The EPA has released its final revision of the George W. Bush administration’s definition of hazardous waste, which the agency said will improve recycling of hazardous materials. The revision to the definition of solid waste would require off-site recycling at only permitted facilities and revise the definition of “legitimate recycling” regarding certain products, including metal commodities. Read the rule here.
Read the full story in The Guardian.
Encouraging oil and gas operators to find ways of reusing assets comes with its own challenges – economics being one of them.
December 9, 2014, noon CST
Consumer recycling, once seen as the most basic of environmental practices, has become decidedly more complex. Some communities have mandated aggressive, long-term, zero-waste goals to divert sometimes up to 90 percent of their waste from the local landfill. That can lead to a wide array of what’s collected — and what’s not — engendering confusion among residents.
The result: After decades of growth, recycling rates have plateaued, or even dropped.
How can cities regain the momentum? There are some tried and true methods, but it takes a village, literally — producers, recyclers, municipalities and consumers, working together to find solutions.
In this hour-long webcast, you’ll hear how waste streams are changing; the latest data about what consumers think about recycling and what messages resonate with them; how one of the nation’s largest recycling companies is working with cities to increase recovery rates; and the secrets behind one of the most successful municipal recycling programs in the United States.
Among the things you’ll learn:
- Current recycling trends and the true bottom-line impacts of non-recyclable materials such as “flexible packaging”
- How recycling programs influence how consumers think and recycle
- The differences between what consumers say about recycling and how they actually recycle (what they are actually doing)
- Specific examples from Hennepin County, MN demonstrating how their innovative recycling education initiatives work
Read the full story in Resource Recycling.
Don’t fear the evolving waste stream. But be judicious about what new packaging you allow in your recycling program. That was the message from a Waste Management leader speaking on an EPA webinar last week.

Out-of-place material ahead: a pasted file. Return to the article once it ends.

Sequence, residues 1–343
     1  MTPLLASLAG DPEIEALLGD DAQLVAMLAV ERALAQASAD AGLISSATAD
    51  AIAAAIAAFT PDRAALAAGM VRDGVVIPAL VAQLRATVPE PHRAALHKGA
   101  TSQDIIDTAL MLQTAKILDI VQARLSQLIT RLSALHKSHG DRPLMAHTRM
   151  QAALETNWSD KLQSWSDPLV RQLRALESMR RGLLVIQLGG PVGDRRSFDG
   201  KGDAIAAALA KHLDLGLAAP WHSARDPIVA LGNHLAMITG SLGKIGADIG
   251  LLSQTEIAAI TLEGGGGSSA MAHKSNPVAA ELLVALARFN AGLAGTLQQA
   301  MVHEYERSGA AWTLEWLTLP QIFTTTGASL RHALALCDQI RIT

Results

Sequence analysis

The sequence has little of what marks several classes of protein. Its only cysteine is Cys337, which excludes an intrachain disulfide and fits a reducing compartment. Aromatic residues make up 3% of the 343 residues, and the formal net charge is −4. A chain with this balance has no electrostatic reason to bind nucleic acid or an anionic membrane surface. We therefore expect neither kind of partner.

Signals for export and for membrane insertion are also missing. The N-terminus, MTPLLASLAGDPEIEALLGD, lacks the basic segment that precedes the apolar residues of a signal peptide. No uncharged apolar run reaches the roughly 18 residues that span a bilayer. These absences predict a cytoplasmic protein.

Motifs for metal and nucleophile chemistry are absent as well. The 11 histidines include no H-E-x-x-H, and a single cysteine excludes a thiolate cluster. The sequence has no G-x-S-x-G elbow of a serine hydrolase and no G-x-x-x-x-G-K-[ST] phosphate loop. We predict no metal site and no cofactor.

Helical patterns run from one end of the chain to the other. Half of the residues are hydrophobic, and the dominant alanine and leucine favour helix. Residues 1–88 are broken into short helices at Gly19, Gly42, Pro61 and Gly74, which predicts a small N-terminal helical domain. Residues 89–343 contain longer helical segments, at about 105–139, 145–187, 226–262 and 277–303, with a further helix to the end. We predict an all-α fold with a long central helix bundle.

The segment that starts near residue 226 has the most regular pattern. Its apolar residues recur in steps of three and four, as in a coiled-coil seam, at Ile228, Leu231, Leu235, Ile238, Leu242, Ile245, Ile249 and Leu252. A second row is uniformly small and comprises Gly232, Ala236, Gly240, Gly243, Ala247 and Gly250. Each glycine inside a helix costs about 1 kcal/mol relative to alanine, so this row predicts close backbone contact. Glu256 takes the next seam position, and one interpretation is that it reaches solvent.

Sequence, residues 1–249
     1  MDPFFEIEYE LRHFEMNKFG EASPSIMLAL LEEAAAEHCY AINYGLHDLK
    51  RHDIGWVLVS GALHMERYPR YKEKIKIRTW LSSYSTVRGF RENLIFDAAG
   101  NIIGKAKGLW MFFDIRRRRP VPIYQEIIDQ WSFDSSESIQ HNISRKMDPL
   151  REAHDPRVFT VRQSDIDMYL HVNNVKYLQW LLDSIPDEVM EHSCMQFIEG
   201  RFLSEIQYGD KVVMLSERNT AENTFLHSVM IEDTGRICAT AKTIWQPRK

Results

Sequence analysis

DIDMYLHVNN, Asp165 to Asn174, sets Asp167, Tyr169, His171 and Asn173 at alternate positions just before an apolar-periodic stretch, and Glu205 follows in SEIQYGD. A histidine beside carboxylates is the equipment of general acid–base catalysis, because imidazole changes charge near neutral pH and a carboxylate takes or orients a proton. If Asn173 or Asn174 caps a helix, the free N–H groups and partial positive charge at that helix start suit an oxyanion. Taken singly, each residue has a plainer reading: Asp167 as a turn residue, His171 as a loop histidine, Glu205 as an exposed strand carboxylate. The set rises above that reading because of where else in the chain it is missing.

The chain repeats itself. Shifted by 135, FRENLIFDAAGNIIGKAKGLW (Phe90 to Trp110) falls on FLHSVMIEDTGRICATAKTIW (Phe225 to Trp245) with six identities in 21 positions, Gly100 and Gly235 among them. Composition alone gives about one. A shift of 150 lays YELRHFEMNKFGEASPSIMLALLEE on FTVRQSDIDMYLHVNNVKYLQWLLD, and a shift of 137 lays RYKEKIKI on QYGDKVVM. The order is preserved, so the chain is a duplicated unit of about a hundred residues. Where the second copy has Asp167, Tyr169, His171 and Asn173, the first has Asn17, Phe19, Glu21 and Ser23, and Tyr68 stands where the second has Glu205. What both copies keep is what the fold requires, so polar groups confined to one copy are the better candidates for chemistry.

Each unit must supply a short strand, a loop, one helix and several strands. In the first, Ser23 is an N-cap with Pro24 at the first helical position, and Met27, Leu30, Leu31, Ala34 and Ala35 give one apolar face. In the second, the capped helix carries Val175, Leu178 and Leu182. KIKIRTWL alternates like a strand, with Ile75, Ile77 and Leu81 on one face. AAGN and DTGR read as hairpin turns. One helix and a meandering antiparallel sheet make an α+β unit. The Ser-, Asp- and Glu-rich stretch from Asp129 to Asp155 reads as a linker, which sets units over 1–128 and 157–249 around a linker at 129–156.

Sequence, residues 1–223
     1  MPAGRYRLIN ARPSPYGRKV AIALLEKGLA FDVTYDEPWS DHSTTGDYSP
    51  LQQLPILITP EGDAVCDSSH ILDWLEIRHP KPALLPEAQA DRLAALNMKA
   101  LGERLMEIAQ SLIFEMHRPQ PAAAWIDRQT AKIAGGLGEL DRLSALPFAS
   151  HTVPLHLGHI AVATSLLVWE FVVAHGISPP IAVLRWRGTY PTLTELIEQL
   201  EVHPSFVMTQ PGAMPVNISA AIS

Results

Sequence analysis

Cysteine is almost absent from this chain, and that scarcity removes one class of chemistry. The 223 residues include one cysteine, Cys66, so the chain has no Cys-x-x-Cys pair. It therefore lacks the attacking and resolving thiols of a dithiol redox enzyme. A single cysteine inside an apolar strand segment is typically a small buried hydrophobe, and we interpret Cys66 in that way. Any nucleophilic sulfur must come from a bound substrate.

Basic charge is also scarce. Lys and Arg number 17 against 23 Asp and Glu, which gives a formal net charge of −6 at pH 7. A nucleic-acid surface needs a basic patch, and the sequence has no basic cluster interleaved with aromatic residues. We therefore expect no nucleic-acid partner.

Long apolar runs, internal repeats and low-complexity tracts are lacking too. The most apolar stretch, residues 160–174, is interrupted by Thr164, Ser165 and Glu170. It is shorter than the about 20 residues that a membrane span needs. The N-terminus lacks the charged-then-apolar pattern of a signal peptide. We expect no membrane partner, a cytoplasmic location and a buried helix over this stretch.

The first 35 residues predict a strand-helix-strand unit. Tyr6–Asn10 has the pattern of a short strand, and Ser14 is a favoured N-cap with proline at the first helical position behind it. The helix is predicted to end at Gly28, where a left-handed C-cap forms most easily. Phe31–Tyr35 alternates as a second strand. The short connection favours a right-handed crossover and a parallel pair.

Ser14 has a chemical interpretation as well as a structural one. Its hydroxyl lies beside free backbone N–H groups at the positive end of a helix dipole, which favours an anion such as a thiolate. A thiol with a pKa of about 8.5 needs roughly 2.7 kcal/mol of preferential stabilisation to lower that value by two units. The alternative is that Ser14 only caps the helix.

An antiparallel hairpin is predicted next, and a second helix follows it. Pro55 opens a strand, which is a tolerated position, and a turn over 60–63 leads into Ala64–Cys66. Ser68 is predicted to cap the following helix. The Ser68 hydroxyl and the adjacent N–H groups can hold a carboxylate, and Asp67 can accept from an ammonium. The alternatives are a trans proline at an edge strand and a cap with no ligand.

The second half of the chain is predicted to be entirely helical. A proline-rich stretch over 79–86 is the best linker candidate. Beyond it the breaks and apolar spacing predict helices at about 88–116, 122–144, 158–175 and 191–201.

Susan Robinson, federal public affairs director for publicly traded WM, offered a number of insights about how the country’s largest waste and recycling firm is trying to adapt to the “evolving ton” coming into materials recovery facilities as paper use declines and the plastics packaging space moves forward at light speed.
However, the takeaway from her 30-minute talk, which was part of the EPA’s Sustainable Materials Management webinar series, was that the recycling industry should focus more on clean material and less on constantly increasing tonnages.
Watch the video from The Guardian.
From creating leather handbags from old airplane seats, to making plastic out of sludge, materials innovation is taking place which could help solve huge resource scarcity problems. But are we moving fast enough? Can businesses, governments and consumers be persuaded to declare war on the word ‘waste’ and work instead to create new a permanent life for materials?
Jo Confino speaks to Sophie Thomas, co-director of design at of RSA, Scott Hamlin CEO of Looptworks, Richard Kirkman technical director of Veolia and Kresse Wesling co-founder of Elvis & Kresse about how to push forward sustainable innovation.
Read the full story at Phys.org.
A new, more environmentally-friendly practice for soil strengthening, using recycled carpet, could see the construction industry substantially decrease its carbon footprint thanks to research from the UTS Centre for Built Infrastructure Research.
Read the full story at Triple Pundit.
The biggest barrier facing most cities when it comes to providing the level of innovation and infrastructure needed to reduce waste and increase recycling rates often boils down to one factor: Money—or specifically, the absence of it. As budgets dwindle, missed opportunities to leverage problems in waste diversion cost cities millions of dollars in potential revenue each year.
In 2013, low recycling rates caused cities to collectively spend billions of dollars on landfills and lose over $11 billion in commodity revenue from the sale of recyclable material sent to landfills.
Enter Ron Gonen — co-founder of RecycleBank and former deputy commissioner of sanitation, recycling and sustainability for New York City under Mayor Michael Bloomberg’s administration.
Last week, the recycling maverick took the stage at the Municipal Waste Management Association (MWMA) Fall Summit (the environmental affiliate of the United States Conference of Mayors) to announce his latest project, the Closed Loop Fund — a consortium of large corporate companies that plan to invest $100 million over the next five years to support the development of recycling infrastructure and services.